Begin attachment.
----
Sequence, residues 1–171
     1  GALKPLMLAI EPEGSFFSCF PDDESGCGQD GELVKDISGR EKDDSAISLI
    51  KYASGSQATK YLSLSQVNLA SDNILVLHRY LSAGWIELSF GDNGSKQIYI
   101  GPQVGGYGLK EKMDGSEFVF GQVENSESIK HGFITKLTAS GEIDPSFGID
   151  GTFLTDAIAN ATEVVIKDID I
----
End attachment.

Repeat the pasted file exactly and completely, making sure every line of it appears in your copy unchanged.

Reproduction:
Sequence, residues 1–171
     1  GALKPLMLAI EPEGSFFSCF PDDESGCGQD GELVKDISGR EKDDSAISLI
    51  KYASGSQATK YLSLSQVNLA SDNILVLHRY LSAGWIELSF GDNGSKQIYI
   101  GPQVGGYGLK EKMDGSEFVF GQVENSESIK HGFITKLTAS GEIDPSFGID
   151  GTFLTDAIAN ATEVVIKDID I